What will it take for people to care about Yahoo again?
Yahoo is a media and technology giant. It is claimed that around 700 million people still visit Yahoo websites every month, and yet I personally can’t remember the last time I went to a Yahoo site, and I don’t know anyone who uses Yahoo for search, email, or news -- or visits the fabled Yahoo home page.
To me Yahoo mostly exists in the past, largely forgotten and gathering dust. I have photos stored on Flickr, but I haven’t uploaded anything there for ages. The last time I tried Yahoo -- following a lackluster revamp of the site -- I stumbled across broken link after broken link and gave up.
The firm had a disastrous decade in which it lost a fortune for investors, turned down a $40 billion takeover bid from Microsoft, fumbled promising acquisitions (GeoCities and Del.icio.us to name just two), ignored mobile, alienated users, and employed CEOs who didn’t just take their eyes off the ball, they turned their backs on the ball altogether.
Current CEO Marissa Mayer is doing her best to reverse the company’s slide into irrelevancy, and doing a pretty fine job of trying to repair the damage a decade of complacency and incompetency has caused Yahoo.
In a year she’s overseen various acquisitions (such as MileWise, GoPollGo, Loki Studios, Summly, and Astrid), and under her stewardship Yahoo has launched a Summly-powered Android app, a weather app for iOS, and an improved Flickr app. The company has overhauled its mail service and rolled out new mobile apps for it, introduced tweets into Yahoo’s homepage newsfeed, and gained the rights to distribute the entire 38-year archive of Saturday Night Live.
These last two moves are Yahoo’s most ambitious by far to date and lift the company back into the public consciousness. How long it will stay there is another matter. Can Yahoo make itself cool again? That remains to be seen.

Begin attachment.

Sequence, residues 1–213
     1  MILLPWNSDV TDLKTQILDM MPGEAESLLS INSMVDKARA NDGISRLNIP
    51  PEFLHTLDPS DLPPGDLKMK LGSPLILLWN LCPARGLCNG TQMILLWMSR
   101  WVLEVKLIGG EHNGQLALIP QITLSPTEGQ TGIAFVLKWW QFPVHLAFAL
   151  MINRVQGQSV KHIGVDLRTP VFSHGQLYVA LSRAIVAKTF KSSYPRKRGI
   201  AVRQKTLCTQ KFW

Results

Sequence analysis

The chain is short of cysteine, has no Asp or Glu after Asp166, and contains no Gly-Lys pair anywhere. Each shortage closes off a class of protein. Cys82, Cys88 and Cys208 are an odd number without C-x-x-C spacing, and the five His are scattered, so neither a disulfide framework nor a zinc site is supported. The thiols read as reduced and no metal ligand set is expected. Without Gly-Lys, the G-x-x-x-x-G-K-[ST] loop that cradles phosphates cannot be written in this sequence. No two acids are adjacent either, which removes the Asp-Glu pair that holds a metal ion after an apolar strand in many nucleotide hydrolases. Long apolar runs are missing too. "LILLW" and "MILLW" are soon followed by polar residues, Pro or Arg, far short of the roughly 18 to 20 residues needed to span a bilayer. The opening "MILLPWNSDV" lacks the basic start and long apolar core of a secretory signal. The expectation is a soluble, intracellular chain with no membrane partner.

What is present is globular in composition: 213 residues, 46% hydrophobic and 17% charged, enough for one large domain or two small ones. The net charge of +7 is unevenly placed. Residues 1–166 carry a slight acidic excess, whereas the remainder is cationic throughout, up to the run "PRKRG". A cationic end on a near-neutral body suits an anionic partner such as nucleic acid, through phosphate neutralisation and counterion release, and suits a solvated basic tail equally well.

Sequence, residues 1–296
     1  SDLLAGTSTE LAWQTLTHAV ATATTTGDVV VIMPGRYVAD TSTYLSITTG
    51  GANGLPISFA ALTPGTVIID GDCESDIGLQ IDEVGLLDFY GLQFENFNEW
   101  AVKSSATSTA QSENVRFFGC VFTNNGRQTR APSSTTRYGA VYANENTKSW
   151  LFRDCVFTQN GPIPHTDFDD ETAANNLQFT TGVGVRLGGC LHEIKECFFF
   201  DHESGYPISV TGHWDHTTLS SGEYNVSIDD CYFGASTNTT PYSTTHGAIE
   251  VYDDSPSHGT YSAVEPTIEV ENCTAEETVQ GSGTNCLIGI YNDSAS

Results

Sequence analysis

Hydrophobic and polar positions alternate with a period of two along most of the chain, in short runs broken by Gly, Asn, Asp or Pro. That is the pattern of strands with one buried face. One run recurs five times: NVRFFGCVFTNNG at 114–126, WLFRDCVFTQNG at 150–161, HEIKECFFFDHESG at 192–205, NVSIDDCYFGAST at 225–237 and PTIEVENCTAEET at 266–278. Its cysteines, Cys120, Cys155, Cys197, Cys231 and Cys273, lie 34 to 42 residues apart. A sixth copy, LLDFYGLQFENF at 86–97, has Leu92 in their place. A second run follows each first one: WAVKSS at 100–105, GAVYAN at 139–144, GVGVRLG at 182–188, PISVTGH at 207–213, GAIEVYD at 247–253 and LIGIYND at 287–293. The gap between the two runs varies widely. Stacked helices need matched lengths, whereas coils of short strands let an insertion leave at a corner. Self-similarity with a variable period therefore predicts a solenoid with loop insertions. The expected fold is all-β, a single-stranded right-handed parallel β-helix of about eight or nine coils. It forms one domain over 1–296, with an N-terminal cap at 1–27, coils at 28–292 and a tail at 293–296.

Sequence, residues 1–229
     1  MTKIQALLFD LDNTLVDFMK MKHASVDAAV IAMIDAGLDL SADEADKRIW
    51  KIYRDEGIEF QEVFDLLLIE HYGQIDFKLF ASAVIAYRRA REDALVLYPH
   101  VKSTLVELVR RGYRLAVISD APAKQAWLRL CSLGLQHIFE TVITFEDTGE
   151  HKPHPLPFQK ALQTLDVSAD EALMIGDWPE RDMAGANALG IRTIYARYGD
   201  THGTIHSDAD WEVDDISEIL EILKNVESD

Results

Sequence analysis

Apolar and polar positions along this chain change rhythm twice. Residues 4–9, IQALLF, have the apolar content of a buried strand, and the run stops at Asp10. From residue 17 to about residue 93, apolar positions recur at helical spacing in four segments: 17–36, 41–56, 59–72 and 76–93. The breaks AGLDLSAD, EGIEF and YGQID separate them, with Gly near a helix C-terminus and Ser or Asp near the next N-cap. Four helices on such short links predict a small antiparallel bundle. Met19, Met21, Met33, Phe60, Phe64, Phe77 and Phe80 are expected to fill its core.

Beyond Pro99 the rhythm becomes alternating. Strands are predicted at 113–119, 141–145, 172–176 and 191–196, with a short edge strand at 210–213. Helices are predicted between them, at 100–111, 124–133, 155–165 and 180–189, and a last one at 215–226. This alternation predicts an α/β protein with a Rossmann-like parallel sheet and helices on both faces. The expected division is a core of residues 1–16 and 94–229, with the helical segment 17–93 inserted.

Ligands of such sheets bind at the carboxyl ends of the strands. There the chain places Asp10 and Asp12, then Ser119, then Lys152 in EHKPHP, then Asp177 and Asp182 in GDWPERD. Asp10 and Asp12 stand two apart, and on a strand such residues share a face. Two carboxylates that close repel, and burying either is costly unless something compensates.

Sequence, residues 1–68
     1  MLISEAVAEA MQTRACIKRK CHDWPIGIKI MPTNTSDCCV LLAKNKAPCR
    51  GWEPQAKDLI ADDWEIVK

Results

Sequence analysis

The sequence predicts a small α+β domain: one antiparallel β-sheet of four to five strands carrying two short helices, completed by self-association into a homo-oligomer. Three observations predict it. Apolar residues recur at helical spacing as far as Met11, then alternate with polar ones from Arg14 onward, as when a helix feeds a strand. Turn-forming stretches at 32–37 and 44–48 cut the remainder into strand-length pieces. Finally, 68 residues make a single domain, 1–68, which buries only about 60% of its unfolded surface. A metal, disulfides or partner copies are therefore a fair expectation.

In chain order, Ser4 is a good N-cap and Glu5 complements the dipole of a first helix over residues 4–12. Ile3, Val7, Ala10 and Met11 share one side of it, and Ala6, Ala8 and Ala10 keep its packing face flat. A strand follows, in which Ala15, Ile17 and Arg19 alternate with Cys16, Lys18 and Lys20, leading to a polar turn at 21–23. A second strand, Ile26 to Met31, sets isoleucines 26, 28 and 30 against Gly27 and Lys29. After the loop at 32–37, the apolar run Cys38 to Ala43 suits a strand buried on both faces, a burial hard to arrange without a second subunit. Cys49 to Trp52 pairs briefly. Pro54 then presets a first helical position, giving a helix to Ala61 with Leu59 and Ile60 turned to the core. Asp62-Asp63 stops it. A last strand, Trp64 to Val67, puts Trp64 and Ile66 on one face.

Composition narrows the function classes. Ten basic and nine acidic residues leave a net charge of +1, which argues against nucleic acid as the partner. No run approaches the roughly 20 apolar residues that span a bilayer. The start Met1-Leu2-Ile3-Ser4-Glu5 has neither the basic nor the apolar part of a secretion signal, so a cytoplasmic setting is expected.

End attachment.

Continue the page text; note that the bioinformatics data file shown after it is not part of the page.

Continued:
When Google acquired YouTube it purchased a rising star with a problem -- the video site’s meteoric rise was fuelled by illegal content. Google’s greatest triumph was shifting YouTube’s focus to legal, user generated uploads.
Tumblr, as good as it could be for Yahoo, is a sputtering star with falling page views and (according to web measurement company SimilarGroup) a major porn problem -- 11.4 percent of Tumblr’s top 200,000 domains contain pornography. Yahoo has vowed to keep Tumblr independent, but it will be interesting to see how it addresses this issue. Mainstream advertisers aren’t keen on being associated with adult content.
So What Next?
Yahoo has taken the first steps to get back in the game, but it’s what happens from now that really counts.
The media giant still has an identity problem (or should that be the tech giant still has an identity problem), it can’t seem to properly monetize its own web pages (and monetizing Tumblr sites will be even harder), there’s still a slapdash half-finished approach to many of its products, and a brief stroll around Yahoo this morning reveals many of its properties feel about 15 years old.
I admire what Marissa Mayer has done with Yahoo, or is attempting to do with it at least, and later on today I’ll actually upload some new photos to Flickr, and maybe even update my thingsthatlooklikehitler Tumblr for the first time in a while.
But I still can’t see how Yahoo intends to shake off its dusty old threads and come charging into the modern age. Where’s the innovation, the products that no one else offers? And where are the products everyone else offers? Being able to use Dropbox in Yahoo Mail is great, but where’s Yahoo Drive?
It took a $1.1 billion purchase to get Yahoo back in the news. What will the company need to do next to keep people talking about it, to get people excited about it once more? Getting back to the question I asked initially: What do you think it will take for people to care about Yahoo again?